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A rare opportunity…

Bad ass choreographer, dancer Nika Kljun!

Each year, some of the best choreographers, dancers, and studio owners get together for a weekend benefit that raises money in hopes of finding a cure for Cystic Fibrosis. The event – Dance to Breathe – is pretty unique, but I probably wouldn’t have known about it had I not been involved with my studio.

Last year when the event came around, I was excited to see what it was all about and see my fellow classmates perform in the final show. It was at that show that, not only did I learn much more about CF, I also realized how lucky I am to be a part of my studio – not to brag, but I’m learning from some of the BEST in this city (if not the country).

As part of this benefit, there is usually a celebrity choreographer that comes to town to teach a master class. Last year, I was scraping by all of my spare dollars and sending them to the IRS, so I couldn’t attend the master class. This year however, I’ve already paid my taxes, so I was anxiously awaiting the reveal of the guest choreographer.

It was none other than Nika Kljun – here’s her resume from her website:

She has worked on major projects such as Beyonce, Jennifer Lopez, Ne-yo, Pitbull, T-Pain, One Direction, Cher Lloyd, the Britney Spears tribute on MTV Video Music Awards, Jessica Sanchez, Donna Summer, Kaya Jones, Gina Katon, Matt Pokora, Herb Alpred, Macy’s Glamorama fashion tour, Monsters of hip hop, Billboard Music Awards, Young Hollywood Awards, NRJ music awards, X-Factor USA, UK & France, America’s Got Talent, The Voice, Move Live on Tour and was just recently, for the year of 2015, a part of Justin Bieber’s dancing team.

As a choreographer or assistant she worked on projects such as So You Think You Can Dance in the USA, Ukraine & Portugal, Move Live on Tour with Derek & Julianne Hough, Dancing with the Stars, Kellogg’s summer campaign, Kaya Jones, Lena Katina, Blake McGrath, Victoria Bech and Monsters of Hip Hop show to name a few. You can catch Nika at Tremaine Dance Conventions, Monster of Hip Hop or Monsters A-list conventions around North America.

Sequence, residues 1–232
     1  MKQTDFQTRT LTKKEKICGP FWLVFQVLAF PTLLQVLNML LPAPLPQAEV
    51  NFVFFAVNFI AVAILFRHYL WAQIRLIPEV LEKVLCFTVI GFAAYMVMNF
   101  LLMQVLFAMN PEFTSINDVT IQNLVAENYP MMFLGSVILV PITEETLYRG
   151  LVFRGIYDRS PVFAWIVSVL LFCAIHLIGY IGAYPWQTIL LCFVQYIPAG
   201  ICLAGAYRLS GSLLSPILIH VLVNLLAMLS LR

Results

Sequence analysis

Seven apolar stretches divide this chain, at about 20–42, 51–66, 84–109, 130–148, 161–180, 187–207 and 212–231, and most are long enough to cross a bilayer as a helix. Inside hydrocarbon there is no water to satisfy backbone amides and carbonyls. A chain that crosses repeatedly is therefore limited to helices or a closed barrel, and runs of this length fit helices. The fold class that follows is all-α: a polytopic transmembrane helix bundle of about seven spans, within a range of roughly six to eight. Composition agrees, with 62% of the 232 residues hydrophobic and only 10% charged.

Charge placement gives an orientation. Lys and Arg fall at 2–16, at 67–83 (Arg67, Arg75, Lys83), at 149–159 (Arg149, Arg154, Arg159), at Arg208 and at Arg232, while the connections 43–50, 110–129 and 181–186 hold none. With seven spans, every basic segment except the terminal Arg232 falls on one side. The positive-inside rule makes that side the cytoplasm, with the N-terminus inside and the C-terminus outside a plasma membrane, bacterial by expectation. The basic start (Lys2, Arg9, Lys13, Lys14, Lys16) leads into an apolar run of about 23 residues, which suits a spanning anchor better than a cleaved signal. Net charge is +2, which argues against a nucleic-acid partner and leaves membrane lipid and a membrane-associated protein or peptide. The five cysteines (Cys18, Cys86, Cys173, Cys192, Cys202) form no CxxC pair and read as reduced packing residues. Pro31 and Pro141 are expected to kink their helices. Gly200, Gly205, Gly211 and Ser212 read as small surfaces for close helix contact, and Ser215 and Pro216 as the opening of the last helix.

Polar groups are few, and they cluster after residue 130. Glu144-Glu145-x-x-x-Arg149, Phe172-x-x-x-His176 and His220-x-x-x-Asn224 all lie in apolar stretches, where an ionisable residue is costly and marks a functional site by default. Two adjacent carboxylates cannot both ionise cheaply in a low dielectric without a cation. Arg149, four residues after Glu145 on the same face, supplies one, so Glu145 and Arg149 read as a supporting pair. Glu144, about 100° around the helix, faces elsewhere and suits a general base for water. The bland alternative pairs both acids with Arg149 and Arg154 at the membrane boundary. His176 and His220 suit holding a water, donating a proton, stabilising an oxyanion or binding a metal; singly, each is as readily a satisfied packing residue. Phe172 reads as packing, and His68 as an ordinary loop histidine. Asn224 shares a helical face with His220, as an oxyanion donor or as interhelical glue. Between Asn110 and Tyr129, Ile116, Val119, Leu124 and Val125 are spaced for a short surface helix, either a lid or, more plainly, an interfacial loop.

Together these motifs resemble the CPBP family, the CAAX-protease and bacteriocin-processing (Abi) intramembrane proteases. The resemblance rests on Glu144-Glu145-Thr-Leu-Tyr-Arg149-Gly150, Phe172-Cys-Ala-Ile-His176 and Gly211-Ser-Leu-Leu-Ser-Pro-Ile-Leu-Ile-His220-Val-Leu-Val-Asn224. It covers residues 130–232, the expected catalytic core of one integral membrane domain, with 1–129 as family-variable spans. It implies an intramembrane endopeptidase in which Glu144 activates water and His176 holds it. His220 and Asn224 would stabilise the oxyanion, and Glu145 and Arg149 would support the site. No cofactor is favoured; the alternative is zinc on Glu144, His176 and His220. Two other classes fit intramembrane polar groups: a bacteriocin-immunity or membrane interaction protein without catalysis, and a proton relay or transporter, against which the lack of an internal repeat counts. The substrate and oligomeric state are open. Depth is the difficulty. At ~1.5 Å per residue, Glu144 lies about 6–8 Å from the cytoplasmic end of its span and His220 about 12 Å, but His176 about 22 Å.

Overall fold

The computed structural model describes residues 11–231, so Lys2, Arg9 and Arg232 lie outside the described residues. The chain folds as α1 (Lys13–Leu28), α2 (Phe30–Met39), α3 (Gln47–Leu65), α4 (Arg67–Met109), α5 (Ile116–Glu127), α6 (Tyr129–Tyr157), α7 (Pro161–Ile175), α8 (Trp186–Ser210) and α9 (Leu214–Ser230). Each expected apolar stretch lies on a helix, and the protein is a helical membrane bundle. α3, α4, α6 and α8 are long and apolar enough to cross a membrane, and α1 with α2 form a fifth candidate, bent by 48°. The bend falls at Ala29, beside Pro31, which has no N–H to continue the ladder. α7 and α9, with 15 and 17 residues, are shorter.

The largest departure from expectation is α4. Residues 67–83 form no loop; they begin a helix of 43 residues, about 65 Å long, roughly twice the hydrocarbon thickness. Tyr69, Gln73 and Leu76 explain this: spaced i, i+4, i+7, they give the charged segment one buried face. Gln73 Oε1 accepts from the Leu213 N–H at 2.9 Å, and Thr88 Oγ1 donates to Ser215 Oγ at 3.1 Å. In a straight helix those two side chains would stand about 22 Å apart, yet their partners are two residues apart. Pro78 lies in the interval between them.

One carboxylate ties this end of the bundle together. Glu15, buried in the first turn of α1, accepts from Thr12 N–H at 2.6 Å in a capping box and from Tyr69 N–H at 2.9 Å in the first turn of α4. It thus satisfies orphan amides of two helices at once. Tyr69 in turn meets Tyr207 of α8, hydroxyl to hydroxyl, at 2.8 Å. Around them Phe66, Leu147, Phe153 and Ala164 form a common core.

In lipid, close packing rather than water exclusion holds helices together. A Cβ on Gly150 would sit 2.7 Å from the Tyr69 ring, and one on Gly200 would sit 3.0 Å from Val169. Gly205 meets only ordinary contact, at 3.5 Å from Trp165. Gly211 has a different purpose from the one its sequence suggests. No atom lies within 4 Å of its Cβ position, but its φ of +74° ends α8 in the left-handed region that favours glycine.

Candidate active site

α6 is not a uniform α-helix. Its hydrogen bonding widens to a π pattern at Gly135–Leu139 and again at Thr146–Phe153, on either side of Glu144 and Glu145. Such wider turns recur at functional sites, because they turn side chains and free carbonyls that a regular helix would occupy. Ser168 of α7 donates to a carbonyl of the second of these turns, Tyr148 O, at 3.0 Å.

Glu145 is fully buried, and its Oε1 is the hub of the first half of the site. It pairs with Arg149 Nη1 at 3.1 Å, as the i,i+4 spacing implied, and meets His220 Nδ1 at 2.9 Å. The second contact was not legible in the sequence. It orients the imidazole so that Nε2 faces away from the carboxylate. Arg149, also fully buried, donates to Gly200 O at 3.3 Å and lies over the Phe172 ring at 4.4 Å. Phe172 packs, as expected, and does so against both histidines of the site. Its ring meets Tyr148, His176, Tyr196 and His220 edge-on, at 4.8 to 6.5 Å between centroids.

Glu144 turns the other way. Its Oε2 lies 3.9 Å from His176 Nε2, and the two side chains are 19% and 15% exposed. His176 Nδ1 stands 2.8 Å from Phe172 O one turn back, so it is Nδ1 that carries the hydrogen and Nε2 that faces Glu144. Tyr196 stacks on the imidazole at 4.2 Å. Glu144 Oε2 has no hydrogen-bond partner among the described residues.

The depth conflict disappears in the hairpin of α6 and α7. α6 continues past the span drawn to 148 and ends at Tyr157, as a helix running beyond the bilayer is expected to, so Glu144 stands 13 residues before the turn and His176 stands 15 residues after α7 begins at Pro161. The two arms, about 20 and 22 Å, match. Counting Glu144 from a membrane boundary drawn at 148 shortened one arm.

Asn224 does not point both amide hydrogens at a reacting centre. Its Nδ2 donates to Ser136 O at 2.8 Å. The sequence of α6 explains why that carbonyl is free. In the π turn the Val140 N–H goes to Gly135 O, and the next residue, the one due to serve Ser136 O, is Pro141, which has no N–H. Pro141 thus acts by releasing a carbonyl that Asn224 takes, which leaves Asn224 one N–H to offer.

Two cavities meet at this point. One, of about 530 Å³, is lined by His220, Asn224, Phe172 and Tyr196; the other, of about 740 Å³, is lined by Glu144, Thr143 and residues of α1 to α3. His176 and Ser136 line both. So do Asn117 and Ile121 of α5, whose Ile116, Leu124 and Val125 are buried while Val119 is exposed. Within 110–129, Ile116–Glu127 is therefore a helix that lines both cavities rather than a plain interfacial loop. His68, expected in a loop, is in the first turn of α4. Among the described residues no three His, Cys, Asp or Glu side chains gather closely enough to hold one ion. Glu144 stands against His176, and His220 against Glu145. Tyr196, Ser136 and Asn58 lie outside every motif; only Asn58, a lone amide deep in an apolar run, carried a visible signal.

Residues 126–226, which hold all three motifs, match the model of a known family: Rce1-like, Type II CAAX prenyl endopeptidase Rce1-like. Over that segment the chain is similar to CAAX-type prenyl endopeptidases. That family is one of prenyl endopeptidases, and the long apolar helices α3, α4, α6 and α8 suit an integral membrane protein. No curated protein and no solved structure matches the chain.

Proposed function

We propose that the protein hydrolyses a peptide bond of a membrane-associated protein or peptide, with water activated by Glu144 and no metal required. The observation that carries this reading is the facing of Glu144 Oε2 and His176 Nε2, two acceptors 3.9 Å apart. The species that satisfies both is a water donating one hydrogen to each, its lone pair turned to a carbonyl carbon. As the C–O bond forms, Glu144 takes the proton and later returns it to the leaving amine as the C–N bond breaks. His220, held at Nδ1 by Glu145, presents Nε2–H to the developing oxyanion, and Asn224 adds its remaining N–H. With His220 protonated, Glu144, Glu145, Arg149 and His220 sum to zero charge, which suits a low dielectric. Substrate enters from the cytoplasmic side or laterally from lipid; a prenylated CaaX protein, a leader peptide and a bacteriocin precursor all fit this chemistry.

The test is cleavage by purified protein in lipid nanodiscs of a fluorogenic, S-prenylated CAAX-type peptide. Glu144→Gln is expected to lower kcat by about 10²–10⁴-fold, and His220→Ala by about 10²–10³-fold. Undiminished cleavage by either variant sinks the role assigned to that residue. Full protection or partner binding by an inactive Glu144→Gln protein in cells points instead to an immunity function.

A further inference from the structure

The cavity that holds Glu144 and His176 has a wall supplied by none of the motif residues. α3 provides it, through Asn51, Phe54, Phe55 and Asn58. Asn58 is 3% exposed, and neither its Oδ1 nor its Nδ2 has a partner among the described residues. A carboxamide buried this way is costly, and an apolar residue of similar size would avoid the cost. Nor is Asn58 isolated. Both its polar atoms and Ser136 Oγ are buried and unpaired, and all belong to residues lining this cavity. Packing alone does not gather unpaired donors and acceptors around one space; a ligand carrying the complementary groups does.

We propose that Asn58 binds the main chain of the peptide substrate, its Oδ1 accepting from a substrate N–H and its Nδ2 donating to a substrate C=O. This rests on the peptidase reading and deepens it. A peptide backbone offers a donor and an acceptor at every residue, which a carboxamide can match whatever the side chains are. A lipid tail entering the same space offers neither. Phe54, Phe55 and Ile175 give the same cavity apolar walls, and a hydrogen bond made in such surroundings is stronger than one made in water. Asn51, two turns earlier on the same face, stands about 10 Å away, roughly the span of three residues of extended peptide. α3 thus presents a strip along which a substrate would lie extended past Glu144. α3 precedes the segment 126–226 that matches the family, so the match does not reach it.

…Like… are you kidding me? She’s an insanely talented dancer – and highly trained in traditional forms of dance, which makes her hip hop game solid. I’ll admit, though, that I was a little bit nervous to buy a ticket for her master class. I know that I’m late in my dance game.

I started taking jazz classes in middle school – and that is where my technical training ends. I danced on a competitive dance team for five years – being captain for two of those years. We were scrappy, and I recall very late nights at the studio, or in hallways, recounting and modifying movements to look sharp.

But I took a solid 10+ year break from dance. In that time, my body has changed, and parts of it have taken quite a beating between boxing training for four years, full-time retail and restaurant service work, and generally just getting older.

I know I struggle to pick up choreography quickly (although I am getting better), and I feel heavy on my feet. I have been to auditions and am learning to accept that even if I don’t make it (and I never have), it’s a free opportunity to learn from someone new, and at least try.

Sometimes, even if I can just get 1 8-count in a set of 7, I am really proud of myself, because the difficulty level is so far beyond me. Trying counts for something.

Many of my fellow dancers said they were taking Nika’s class, even if it meant standing in the back. Yeah, I thought, I’m going, too.

“You’ll walk away learning something,” one instructor told me. And he was right.

So, I bought my ticket. I woke up the day before the class with a classic flare-up of my pinched nerve. Because of course! But, I took my normal Saturday class, laid on a heating pad for three hours, popped a pain-killer, and headed downtown to meet Nika.

Right off the bat, I was pleasantly shocked at how nice she was – how much she simply wanted to help us learn and have fun. She taught us a combination from Jennifer Lopez’s tour, which was just cool to see.

I have never, ever tried any of the classic ballroom dancing, and she showed us the cha-cha, and salsa, and simply said, “Now you can watch ‘Dancing With the Stars’ and really know what they are doing!”

It was tough, and I struggled, and I stayed in the back. But, I gave it all I had and I pushed myself. Yes, a lot of people in the class were KILLING it. But many of them were also 16 – ah, to be young and thin and energetic!